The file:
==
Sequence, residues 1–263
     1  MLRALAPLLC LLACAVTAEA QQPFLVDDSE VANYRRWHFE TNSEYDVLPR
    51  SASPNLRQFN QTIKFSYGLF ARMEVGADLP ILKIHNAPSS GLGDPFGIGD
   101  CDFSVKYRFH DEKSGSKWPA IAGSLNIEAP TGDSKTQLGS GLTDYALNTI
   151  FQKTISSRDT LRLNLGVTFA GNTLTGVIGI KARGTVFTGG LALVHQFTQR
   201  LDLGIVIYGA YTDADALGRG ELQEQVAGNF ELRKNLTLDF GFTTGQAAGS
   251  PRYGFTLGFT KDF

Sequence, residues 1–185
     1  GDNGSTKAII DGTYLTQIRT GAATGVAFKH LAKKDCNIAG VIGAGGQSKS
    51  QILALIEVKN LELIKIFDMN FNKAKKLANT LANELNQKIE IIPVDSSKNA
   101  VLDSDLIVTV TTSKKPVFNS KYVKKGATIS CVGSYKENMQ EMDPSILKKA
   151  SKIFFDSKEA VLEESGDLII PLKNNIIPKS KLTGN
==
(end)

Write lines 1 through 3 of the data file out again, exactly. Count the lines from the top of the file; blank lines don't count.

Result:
Sequence, residues 1–263
     1  MLRALAPLLC LLACAVTAEA QQPFLVDDSE VANYRRWHFE TNSEYDVLPR
    51  SASPNLRQFN QTIKFSYGLF ARMEVGADLP ILKIHNAPSS GLGDPFGIGD